You’ve found that perfect piece of land for your forever home, and now it’s time to negotiate the purchase with the seller. Trouble is, the land is priced well above market value. How do you negotiate the price down to market value?
Try these tips for negotiating a land purchase.
All you want to do is buy the land for what it’s worth. Don’t try to steal it. Going into the deal with a fairness mindset will help you see the transaction from the seller’s perspective, which gives you a leg up on the negotiation from the very beginning.
We’ve seen many buyers go after the steal price on land, and we’ve seen plenty of them lose out on the land they really wanted because of it. They start out with a low ball offer, and then while negotiations are going back and forth, someone else comes in with a higher offer and gets the land. Sometimes a buyer finds an even better piece of land, but often they end up settling for something that wasn’t their first pick.
Check out all the land details you can find: zoning, flood plain, access, topography, vegetation, etc. These are all factors that play into the usefulness of the land. Arm yourself with dollar figures for what it will cost to prepare the land to build. That dollar amount has a huge impact on what someone can pay for the land without being upside down from the very beginning.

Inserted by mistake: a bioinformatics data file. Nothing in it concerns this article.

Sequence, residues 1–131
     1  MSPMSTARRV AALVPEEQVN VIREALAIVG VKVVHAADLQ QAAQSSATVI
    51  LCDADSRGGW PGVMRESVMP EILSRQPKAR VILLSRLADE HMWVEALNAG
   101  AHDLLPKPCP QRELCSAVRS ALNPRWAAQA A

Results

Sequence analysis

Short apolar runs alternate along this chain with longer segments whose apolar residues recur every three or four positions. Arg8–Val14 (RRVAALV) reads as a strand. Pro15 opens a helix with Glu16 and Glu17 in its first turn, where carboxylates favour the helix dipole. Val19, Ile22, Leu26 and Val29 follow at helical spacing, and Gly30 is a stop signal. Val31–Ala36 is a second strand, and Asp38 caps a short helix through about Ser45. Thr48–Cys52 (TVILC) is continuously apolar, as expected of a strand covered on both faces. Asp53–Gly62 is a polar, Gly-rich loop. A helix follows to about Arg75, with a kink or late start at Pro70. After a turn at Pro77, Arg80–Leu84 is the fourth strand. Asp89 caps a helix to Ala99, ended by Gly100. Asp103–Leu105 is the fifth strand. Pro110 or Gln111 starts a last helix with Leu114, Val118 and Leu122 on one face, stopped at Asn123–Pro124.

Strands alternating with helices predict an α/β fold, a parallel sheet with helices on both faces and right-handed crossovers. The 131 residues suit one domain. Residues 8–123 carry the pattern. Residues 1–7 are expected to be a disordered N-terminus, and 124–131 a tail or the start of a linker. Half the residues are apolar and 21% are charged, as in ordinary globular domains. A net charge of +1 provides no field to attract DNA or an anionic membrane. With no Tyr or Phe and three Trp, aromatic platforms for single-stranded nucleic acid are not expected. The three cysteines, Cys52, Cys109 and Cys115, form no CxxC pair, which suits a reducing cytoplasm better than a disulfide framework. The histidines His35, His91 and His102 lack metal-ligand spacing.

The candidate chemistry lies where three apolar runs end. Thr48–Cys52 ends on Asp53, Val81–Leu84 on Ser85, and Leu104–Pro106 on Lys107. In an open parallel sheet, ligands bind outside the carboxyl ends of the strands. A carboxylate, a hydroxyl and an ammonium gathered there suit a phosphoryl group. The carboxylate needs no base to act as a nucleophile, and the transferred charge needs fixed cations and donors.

Check out some articles on what factors come into play, such as key things to consider when looking for land, avoiding getting landlocked, and bringing utilities to rural land. Also, check into land values of surrounding property to see what the per-acre sale prices have been lately. Make sure to compare apples to apples for similar property types. Don’t compare residential or agricultural zoning to commercial, as that won’t help you.
Make an offer in writing, preferably on a state-approved form, accompanied by an earnest money check. It’s best to use a real estate agent who is familiar with land transactions to help with this. There are some pitfalls, and an experienced real estate agent can provide a safety net to protect you from many of them.
If you do make an offer in writing, take the time to write a short note to the seller explaining your thoughts on why your offer is fair. Be complimentary of the land and keep in mind the seller likely has some emotional connection to it. Many times, if a land owner feels that the land will be going to a family who can appreciate it, they’ll be more willing to come down on their asking price.
Think about reasons the seller might be selling, and take a walk in their shoes to think of creative ways to make the deal. Other factors might make a lower price more attractive to the seller. Maybe a quick closing means more to them than a higher price. Maybe the seller would be interested in financing the transaction, which allows you to make payments to them the way you would pay off a bank loan.
Needless to say, there are many ways to get a deal done. The main thing is to put yourself in the seller’s shoes to find his or her hot buttons and make an offer that pushes those buttons in the best way possible.
A home builder for 18 years, Tim is the "son" in Turner & Son Homes. He is the CEO of the company and partners with his dad, Ben, who has been building since 1964.
The current home on our property has been in existence for over 80 years. We love our property, and made our decision to build our new house there. Turner and Son was the first company we considered and we didn't have to look any further.
The Wells family
March 9, 2016